Monday, February 13, 2023
12–1 p.m. CT
To address long-standing questions in HIV research, the Third Coast Center for AIDS Research (CFAR) is seeking to build closer ties and collaborations between scientists associated with the CFAR and other NIH-funded centers. The HIV Accessory and Regulatory Complexes (HARC) Center is one of six specialized centers funded by the NIH AIDS-Related Structural Biology Program for the discovery, description, and structural determination of HIV-host complexes. The HARC Center specifically focuses on HIV accessory and regulatory proteins that regulate viral replication and the host response, including Tat, Rev, Vif, Vpr, Vpu, and Nef. In this seminar, attendees will hear about new research breakthroughs from two HARC Center PIs: John Gross, PhD, UCSF, on HIV-1 Vif and Judd Hultquist, PhD, Northwestern, on HIV-1 Tat. Third Coast CFAR members interested in pursuing new research with investigators from the HARC Center or other Structural Biology Program grantees are encouraged to leverage local funding opportunities available through the Developmental Core.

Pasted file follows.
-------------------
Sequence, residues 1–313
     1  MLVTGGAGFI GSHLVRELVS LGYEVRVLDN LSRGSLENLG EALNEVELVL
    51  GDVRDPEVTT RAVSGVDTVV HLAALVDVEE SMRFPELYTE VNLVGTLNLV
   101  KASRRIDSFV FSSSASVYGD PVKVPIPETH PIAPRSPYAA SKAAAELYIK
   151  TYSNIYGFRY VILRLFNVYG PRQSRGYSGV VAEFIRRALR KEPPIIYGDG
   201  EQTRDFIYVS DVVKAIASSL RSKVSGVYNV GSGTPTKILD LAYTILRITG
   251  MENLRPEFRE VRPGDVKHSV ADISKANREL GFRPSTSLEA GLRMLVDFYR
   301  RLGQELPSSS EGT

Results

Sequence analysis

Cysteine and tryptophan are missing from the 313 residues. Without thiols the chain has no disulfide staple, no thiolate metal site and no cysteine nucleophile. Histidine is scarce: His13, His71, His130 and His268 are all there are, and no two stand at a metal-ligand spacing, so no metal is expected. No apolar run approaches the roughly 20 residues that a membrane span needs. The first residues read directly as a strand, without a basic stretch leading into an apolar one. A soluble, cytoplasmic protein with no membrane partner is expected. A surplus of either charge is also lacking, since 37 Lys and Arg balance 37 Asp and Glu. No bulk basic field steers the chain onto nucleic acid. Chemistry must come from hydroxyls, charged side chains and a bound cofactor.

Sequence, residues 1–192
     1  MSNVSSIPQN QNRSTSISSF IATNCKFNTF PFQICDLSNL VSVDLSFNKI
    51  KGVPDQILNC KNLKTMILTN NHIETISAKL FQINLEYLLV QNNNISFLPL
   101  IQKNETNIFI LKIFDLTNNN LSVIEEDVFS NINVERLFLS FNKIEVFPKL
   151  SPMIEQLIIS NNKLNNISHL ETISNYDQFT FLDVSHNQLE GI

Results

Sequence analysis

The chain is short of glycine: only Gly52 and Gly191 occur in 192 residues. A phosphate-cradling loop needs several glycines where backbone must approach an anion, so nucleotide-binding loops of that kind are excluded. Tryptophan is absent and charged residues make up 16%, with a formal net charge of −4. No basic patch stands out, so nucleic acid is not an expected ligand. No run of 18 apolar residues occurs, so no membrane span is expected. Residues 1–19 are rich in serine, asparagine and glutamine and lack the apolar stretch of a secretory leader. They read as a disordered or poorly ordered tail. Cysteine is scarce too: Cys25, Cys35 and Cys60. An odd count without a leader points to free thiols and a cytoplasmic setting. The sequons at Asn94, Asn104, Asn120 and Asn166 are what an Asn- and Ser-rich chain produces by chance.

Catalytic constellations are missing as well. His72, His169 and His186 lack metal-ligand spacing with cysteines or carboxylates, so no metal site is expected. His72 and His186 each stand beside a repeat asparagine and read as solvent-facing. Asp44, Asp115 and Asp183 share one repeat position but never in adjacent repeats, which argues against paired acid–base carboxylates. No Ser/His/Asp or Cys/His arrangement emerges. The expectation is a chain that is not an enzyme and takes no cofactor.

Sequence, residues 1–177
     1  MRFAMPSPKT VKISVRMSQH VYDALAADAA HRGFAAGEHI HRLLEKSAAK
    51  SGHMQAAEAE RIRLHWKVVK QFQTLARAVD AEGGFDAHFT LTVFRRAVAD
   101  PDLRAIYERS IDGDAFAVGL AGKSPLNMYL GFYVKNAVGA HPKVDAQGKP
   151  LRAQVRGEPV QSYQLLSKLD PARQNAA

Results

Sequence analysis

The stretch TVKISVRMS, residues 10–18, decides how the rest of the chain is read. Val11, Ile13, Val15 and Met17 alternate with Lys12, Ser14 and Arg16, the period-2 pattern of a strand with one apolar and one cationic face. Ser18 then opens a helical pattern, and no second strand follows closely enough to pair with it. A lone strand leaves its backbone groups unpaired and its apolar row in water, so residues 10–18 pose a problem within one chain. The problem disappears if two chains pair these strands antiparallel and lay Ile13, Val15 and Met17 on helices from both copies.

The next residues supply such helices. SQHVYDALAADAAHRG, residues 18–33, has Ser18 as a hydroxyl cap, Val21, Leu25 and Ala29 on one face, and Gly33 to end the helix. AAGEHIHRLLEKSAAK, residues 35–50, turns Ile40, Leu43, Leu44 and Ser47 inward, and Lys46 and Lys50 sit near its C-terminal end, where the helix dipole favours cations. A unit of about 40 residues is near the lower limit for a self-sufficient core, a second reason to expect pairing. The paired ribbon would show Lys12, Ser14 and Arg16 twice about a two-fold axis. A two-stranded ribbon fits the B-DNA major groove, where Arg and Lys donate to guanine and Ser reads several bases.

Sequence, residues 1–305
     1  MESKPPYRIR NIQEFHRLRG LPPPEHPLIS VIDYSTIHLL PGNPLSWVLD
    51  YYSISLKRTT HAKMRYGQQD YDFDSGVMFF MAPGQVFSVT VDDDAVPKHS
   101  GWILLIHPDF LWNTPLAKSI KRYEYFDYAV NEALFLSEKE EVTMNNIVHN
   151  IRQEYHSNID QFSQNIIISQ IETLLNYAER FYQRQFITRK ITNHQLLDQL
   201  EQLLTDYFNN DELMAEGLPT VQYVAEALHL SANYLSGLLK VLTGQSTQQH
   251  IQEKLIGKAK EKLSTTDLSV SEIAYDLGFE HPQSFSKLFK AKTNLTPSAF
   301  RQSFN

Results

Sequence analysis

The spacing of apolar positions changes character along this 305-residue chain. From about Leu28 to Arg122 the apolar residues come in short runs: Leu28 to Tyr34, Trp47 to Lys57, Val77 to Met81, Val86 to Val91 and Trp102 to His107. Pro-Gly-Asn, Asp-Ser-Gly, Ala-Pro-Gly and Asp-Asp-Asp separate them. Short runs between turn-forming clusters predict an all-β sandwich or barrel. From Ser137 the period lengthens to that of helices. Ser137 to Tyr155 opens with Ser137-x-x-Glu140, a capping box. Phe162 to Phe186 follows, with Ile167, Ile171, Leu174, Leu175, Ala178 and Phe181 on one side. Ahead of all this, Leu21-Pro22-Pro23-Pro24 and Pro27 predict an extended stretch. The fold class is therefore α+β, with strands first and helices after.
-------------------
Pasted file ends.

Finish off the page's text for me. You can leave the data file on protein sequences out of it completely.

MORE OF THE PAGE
“Structural Insights into the Molecular Arms Race between HIV-1 Vif and Human APOBEC3G”
Dr. Gross is a professor of Pharmaceutical Chemistry at UCSF School of Pharmacy. His laboratory investigates molecular machines that coordinate gene expression or antiviral immunity. Research areas include: i- RNA decay enzymes that act in mRNA quality control and gene regulatory pathways, and ii- nucleic acid based immune systems that protect animals from viruses and neutralization of these systems by viral accessory proteins. His team uses tools from molecular biophysics to understand the structure and regulatory conformational dynamics in these systems with the ultimate goal of defining molecular mechanisms and avenues for structure-based drug design.
“Harnessing Tat-dependent Transcriptional Rewiring to Modulate HIV Latency Reactivation”
Dr. Hultquist is an assistant professor of Medicine in the Division of Infectious Diseases at Northwestern University Feinberg School of Medicine. His laboratory specializes in the development and adaptation of high-throughput, quantitative, systems-based approaches for use in primary models of disease to better understand the host-pathogen relationship. Leveraging diverse expertise in primary cell models, proteomic profiling, and functional genomics, his team works at the intersection of systems biology and infectious disease, defining host-pathogen interactions and their consequences for replication and pathogenesis. Through these efforts, he ultimately hopes to strengthen the bridge from big data to targeted discovery to clinical application for the development of personalized, host-driven therapies and the advancement of human health.